Here’s a video of the 24.5″ Sony 3D full HD OLED TV. The 3D effect is created using an active shutter system. The Sony rep  at CES 2010 gives no promises however as to whether the technology will ever be available to consumers. This is a pure concept model. Too bad as many of us were hoping for a larger sized Sony OLED this year. Check it out.


At CES 2010 in Vegas, one of the top items must be the new Samsung 3D OLED TV. This 14″ wonder is not yet available to consumers, perhaps not until 2013. Hopefully by then screen sizes will increase and the prices will come down a bit. Check it out..

Thanks to my friend Erik for posting these CES videos. His site is


Here’s a good video clip of LG’s 15″ OLED TV at CES 2010 in Las Vegas. It is still only available in Korea but rumored to be available in North America sometime this year. Maybe something for your next Christmas wish list?


In the last week or so there has been OLED TV news from both Sony and LG. Sony’s news is not good while LG’s is very good.

Sony announced that they are putting off introducing a larger OLED TV than the current XEL-1. A 27″ model was expected soon from Sony but with the current econnomic situation and losses at Sony, it may take a while longer.

On the other hand, the LG OLED TV news is much better. A 15″ OLED TV will be out shortly.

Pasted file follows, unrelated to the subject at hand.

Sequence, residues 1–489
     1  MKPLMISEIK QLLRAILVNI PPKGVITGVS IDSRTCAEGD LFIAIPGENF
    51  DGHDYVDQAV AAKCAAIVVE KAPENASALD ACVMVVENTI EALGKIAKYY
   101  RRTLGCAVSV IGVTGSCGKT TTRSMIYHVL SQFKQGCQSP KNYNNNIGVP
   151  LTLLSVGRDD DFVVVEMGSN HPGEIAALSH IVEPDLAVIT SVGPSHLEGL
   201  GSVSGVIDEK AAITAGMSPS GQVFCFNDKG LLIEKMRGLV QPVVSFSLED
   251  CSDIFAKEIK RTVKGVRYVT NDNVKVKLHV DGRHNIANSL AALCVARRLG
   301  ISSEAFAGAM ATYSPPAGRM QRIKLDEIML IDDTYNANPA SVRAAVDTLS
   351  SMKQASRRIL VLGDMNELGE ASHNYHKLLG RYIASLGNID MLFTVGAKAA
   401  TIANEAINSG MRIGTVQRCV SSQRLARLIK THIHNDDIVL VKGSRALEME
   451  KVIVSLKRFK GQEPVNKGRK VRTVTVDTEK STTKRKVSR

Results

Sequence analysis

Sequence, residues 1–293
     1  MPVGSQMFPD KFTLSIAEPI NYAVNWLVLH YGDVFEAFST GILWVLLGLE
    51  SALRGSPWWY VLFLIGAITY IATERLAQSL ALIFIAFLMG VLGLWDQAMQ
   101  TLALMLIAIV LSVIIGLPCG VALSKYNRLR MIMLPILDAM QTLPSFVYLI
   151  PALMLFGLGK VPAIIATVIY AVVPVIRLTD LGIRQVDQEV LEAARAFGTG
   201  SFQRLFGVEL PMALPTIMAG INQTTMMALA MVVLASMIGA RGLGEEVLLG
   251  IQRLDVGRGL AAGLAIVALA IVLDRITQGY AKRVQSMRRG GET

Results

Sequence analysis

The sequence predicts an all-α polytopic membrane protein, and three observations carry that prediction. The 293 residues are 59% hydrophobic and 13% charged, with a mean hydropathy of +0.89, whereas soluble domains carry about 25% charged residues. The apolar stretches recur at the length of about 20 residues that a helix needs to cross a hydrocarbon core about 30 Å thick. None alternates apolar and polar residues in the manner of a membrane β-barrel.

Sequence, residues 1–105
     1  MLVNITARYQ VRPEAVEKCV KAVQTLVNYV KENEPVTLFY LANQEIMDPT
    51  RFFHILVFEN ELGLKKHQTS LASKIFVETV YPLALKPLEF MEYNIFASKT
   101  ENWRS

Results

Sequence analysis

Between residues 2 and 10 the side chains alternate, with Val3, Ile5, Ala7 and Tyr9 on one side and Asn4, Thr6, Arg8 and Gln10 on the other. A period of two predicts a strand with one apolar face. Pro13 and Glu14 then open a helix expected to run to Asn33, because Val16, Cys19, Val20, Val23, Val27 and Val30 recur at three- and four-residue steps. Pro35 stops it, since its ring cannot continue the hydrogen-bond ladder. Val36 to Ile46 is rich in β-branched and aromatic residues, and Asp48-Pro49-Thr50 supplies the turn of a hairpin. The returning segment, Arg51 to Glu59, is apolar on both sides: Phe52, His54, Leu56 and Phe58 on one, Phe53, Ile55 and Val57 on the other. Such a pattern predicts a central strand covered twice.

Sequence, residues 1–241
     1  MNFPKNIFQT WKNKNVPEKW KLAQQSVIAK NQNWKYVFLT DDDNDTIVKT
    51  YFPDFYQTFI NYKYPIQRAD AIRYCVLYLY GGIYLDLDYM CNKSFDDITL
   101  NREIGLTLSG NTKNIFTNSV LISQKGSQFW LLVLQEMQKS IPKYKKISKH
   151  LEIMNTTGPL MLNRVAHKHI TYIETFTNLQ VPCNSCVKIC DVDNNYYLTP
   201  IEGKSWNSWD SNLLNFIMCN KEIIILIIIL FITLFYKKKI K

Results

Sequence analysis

“LG, the world’s second-biggest TV brand, said in a statement that it would be unveiling a 15-inch AM-OLED TV at the IFA 2009 consumer electric show in Berlin in September.

The TV set would be commercialized in Korea in November and offered overseas next year, it said.

Research firm DisplaySearch expects the market for OLED TV to reach 2.33 million units in 2013 compared with estimated 320,000 units in 2011, according to data provided by LG.

“We are planning to unveil a 40-inch grade (OLED) product in a not too distant future,” LG quoted an executive as saying.”

Full story at Reuters.


LG has announced that they will be shipping a 15″ LG OLED TV starting in December 2009 in South Korea.

The set is expected to match the capabilities of the prototype unit, first unveiled in January.  The prototype sported a fancy 1,000,000:1 contrast (same as XEL1), a 1,366 x 768 pixel resolution (better than XEL1), and a 30,000-hour shelf life (much better than XEL1, which degrades after 1,000 hours).  It is also expected to be ultra-thin (the XEL1 is just 3mm thin).”

The LG OLED TV will be available first in Korea, then Japan and the United States. No word yet on pricing or production numbers but if the Sony XEL-1 is any example, it won’t be cheap. I’m looking forward to LG OLED TV reviews by Christmas 2009.

More information at: DailyTech

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